Fed Hikes 25 Basis Points at the July Meeting
The Federal Reserve hiked the federal funds rate 25.0 basis points to 5.25%-5.50%. The statement released by the Fed contained virtually the same information as its previous statement. Job gains have been robust, the economy has been expanding at a moderate pace and inflation remains elevated. The Fed does not meet again until September.
U.S. Economy Continues to Grow, Defying Calls for Recession
The economy accelerated at an annualized rate of 2.4% in the second quarter, according to the second estimate of gross domestic product (GDP). GDP increased 2.0% in the first quarter. Compared to the first quarter, the acceleration in GDP in the second quarter primarily reflected an upturn in private inventory investment and an acceleration in nonresidential (business) fixed investment. These movements were partly offset by a downturn in exports and decelerations in consumer spending, federal government spending, and state and local government spending. Imports, which are a negative in the calculation of GDP, decreased. The personal expenditures (PCE) price index increased 2.6%, down from a 4.1% increase in the first quarter. Consumer spending rose 1.6% in the second quarter, following an increase of 4.2% in the first quarter.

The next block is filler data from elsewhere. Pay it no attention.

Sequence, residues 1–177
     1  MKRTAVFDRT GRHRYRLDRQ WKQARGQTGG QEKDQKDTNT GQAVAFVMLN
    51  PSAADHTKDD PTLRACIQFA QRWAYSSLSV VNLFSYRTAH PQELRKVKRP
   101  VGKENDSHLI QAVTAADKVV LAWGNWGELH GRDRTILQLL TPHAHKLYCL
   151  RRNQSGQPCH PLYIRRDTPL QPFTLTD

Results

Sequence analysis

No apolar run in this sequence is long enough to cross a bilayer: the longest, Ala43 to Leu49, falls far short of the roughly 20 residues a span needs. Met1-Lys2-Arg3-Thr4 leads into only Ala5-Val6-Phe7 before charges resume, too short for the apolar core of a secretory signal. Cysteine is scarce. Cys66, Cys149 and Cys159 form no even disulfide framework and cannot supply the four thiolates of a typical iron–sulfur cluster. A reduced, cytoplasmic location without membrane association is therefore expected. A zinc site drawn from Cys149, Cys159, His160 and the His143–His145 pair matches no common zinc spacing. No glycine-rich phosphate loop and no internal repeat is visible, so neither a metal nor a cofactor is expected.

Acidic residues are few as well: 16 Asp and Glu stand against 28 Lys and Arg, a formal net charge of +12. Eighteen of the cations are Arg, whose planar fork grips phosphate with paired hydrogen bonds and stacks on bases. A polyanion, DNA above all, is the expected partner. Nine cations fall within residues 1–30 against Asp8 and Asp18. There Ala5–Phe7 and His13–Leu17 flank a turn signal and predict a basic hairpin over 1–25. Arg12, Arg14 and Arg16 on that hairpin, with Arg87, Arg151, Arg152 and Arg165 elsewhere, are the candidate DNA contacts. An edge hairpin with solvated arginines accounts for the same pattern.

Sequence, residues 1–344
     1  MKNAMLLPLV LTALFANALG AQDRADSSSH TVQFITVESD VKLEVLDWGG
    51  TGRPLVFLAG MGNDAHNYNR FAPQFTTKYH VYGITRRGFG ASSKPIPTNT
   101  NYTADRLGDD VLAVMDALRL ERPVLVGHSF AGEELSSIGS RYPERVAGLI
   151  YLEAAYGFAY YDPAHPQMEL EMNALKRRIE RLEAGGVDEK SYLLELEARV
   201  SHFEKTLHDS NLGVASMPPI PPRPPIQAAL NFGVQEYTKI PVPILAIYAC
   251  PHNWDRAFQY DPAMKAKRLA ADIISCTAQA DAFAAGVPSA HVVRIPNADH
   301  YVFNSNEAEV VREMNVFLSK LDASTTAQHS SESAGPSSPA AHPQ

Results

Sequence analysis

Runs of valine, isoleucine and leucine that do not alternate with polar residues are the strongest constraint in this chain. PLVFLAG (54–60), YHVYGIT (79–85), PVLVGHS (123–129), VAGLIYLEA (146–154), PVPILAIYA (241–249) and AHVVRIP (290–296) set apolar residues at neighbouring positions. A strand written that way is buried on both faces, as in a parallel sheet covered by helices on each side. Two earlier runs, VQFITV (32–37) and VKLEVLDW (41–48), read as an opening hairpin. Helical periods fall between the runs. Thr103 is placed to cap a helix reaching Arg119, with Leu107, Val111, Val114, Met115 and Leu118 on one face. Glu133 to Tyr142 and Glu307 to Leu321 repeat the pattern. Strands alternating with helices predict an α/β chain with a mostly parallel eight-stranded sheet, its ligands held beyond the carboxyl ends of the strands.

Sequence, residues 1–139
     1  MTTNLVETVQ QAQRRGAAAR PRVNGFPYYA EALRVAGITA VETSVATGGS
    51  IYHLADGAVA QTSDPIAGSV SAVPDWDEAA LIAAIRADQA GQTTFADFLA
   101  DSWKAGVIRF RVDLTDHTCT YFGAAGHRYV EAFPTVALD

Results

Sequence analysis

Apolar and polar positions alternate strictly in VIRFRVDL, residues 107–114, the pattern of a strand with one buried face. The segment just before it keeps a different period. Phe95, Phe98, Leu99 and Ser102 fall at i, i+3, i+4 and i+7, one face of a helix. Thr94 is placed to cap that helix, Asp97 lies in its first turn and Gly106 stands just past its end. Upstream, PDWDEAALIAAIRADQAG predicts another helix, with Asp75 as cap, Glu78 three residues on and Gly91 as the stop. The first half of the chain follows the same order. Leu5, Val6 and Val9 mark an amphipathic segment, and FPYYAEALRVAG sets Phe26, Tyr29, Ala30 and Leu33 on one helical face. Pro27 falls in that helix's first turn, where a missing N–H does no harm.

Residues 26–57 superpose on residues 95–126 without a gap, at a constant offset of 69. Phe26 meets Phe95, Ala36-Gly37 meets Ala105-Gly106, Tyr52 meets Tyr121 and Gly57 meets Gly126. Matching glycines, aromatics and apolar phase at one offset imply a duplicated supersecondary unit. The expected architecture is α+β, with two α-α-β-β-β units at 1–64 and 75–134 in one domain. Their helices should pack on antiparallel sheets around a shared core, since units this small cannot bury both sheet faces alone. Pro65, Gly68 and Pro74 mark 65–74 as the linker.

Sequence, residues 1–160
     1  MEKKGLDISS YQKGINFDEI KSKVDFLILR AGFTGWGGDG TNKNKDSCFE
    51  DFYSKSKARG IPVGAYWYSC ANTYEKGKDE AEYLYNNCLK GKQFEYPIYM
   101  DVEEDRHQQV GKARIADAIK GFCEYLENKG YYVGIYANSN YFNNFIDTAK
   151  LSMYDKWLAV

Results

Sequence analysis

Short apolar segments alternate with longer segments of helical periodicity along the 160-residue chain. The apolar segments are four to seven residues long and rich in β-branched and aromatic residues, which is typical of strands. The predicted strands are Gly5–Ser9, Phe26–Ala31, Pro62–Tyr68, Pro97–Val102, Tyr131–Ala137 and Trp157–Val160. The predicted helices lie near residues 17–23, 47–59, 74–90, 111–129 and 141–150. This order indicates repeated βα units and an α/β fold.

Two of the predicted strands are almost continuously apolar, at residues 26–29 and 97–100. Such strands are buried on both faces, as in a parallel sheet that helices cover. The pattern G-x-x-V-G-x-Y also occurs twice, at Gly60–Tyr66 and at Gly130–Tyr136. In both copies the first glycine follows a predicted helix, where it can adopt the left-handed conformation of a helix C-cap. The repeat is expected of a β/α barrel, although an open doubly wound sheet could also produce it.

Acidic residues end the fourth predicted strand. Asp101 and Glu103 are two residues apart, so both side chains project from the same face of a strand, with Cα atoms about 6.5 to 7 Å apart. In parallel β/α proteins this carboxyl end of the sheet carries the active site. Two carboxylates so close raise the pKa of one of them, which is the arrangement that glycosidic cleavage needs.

Inflation Continues to Slow Down but Still Above Fed Target
Consumer prices, as measured by the PCE price index, rose 0.2% in June. Prices, less food and energy, also increased 0.2% from May. Since June 2022, consumer prices are up 3.0%, the lowest yearly price increase since March 2021, when the advance was 2.5%. The PCE price index, the preferred measure of inflation for the Fed, is clearly ebbing but has yet to reach the 2.0% target rate of the Fed. Personal income and disposable personal income rose 0.3% last month. Consumer spending increased 0.5% in June.